In our experience, one of the most difficult roles to fulfill in any business continuity program is the team leader responsible for a cross-functional response and recovery team (often called a crisis management team, a department business recovery team, or an IT disaster recovery team). This is because the team leader faces three significant challenges:
- These teams are cross-functional, which means every person brings their expertise, as well as their opinions and personal agendas for response and recovery;
- The person leading does not, necessarily, have direct authority over all members of the team, especially on crisis management teams, even though the team leader may be a level or two higher than the other team members; and
- A disruptive incident is inherently chaotic, but the response needs to be structured, so the team leader is tasked with getting the team to bring order to the chaos and executing an effective response and recovery.
Team leaders play a critical role in improving business continuity for their organizations but seldom receive the appropriate training to help them understand the differences between day-to-day leadership and crisis leadership following the onset of a disruptive incident.
This perspective is the first in a three-part series and addresses how to develop the skills necessary for being a successful leader in a crisis, including how a team leader can set the team’s purpose and bring order to the chaos that ensues following the onset of a disruption. These two foundational team leader behaviors will help response and recovery team leaders elicit the best possible performance of the team (as well as themselves).
Define the Team’s Purpose and a Vision of the Future
Upon assuming this position, the first action a leader needs to take is to set the purpose of the team – and in response to a disruptive incident, leadership is no different. The purpose helps the leader set a clear vision of what the future looks like for the team and the broader organization. Teams without a vision can wander from issue to issue and delay making decisions – and when faced with a disruptive incident, this could mean a delayed recovery and unnecessary impact to the organization and its interested parties. However, a team with a clear vision that drives the team’s purpose can easily:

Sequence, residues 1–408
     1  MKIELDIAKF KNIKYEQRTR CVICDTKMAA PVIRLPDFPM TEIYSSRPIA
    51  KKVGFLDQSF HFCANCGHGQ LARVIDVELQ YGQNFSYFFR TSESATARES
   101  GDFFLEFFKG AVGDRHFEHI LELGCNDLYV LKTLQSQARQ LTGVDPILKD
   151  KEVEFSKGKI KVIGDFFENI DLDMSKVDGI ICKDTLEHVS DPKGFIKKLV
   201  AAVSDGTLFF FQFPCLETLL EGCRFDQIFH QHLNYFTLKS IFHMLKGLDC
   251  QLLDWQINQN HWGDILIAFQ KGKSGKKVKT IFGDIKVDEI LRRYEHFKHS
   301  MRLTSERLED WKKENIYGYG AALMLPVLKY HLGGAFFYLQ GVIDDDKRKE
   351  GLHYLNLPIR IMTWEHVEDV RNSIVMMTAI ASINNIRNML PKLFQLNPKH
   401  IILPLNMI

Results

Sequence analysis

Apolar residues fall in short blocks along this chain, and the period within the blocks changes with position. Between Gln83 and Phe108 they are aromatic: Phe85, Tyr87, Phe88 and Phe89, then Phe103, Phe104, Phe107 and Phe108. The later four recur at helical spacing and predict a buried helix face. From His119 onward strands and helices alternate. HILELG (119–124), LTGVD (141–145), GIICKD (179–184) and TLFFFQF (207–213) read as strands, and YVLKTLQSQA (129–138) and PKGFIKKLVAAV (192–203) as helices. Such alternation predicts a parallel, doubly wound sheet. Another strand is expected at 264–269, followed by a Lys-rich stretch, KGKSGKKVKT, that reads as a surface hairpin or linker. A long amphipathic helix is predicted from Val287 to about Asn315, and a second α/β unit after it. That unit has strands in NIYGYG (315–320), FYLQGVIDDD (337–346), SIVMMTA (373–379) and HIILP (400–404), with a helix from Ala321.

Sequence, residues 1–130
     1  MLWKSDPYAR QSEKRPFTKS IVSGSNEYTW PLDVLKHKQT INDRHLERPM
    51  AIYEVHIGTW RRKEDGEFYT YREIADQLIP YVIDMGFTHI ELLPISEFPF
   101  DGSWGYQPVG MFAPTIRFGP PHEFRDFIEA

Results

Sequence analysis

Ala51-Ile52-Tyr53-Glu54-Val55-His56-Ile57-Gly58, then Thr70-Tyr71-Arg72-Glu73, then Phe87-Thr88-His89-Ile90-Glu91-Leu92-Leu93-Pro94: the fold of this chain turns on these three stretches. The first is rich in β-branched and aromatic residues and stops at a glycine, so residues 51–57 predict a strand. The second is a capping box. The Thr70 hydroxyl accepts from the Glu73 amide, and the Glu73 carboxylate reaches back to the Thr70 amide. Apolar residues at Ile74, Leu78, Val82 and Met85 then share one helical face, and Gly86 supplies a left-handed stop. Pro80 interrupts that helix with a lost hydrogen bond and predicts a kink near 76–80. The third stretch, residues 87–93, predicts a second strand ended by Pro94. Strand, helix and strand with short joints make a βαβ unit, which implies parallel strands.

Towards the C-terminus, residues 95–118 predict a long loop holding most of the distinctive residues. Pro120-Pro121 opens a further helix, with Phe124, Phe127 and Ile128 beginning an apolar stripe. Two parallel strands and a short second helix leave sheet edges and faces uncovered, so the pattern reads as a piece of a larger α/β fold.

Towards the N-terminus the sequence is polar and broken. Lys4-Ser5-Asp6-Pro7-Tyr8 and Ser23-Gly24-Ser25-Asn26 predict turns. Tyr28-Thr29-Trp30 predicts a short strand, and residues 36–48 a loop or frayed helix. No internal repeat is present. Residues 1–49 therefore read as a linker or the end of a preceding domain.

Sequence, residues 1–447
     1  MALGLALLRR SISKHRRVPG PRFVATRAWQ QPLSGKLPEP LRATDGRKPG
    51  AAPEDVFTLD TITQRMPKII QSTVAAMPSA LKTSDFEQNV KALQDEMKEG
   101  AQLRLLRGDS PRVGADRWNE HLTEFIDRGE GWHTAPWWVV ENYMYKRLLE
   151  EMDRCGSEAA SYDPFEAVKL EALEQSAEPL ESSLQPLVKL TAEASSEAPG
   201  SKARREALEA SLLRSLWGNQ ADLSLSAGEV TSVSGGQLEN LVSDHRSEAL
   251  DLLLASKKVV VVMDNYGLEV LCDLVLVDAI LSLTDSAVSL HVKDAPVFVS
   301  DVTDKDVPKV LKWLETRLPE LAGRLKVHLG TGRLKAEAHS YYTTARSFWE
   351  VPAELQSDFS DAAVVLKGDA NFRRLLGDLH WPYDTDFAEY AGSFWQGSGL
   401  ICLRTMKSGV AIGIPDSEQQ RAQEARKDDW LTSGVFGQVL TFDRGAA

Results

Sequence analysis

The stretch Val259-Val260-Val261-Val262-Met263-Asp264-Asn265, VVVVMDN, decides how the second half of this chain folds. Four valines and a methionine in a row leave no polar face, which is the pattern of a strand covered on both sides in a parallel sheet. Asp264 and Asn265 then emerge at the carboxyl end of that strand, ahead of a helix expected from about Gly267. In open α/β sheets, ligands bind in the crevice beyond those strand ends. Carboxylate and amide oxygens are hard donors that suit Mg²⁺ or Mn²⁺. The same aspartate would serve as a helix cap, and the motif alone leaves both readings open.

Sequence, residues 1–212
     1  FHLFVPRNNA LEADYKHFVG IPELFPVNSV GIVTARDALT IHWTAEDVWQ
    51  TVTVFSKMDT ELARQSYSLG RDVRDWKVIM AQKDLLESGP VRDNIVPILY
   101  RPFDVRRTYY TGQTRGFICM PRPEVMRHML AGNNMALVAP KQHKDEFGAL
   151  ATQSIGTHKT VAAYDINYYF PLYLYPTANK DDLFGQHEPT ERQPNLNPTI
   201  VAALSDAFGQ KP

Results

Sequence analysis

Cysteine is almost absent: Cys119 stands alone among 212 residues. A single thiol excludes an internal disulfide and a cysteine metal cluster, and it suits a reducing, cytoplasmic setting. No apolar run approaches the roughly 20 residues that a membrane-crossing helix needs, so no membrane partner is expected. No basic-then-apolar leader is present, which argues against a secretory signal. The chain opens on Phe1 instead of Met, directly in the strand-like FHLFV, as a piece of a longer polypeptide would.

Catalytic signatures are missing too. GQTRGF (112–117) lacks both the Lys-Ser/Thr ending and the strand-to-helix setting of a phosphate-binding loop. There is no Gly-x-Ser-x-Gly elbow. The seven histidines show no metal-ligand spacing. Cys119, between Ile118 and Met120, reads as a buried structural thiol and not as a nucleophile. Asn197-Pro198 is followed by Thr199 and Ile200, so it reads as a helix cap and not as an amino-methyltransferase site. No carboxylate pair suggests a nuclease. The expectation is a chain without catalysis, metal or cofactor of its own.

- Keep the discussion on track, focusing on important issues and deferring unimportant, time-consuming issues until they need to be addressed;
- Make decisions when they are needed without unnecessary delays; and
- Agree to set aside individual goals to achieve team goals.
Although the vision for a response and recovery team can seem obvious, team leaders may have a difficult time bridging the gap between setting the team’s purpose as “a successful recovery” and the details of what a successful recovery looks like (which, by the way, should generally be understood well before a disruptive incident takes place). Ultimately, an unclear vision can lead team members to pursue their own definition of a successful recovery leading to lost time and wasted effort. The team leader must ask (and seek advice from the team on):
- What are the priorities for recovery based on our current situation?
- When must each activity be recovered to minimize the impact on the organization?
- What needs to happen before we can stand down the recovery team?
- How will we define success and how will the organization view our performance?
The answers to these questions vary among organizations and can even vary among recovery teams within an organization. But a successful team leader will define a strong, clear, unifying purpose for the team. For example:
- A manufacturing department may define their purpose as protecting the health and safety of employees and visitors, preserving the company’s reputation for high quality manufacturing techniques, maintaining effective and clear communications with internal and external stakeholders to minimize damage to our relationships with stakeholders, and recovering manufacturing activities within two days at 60% operating capacity to meet its most important customer expectations.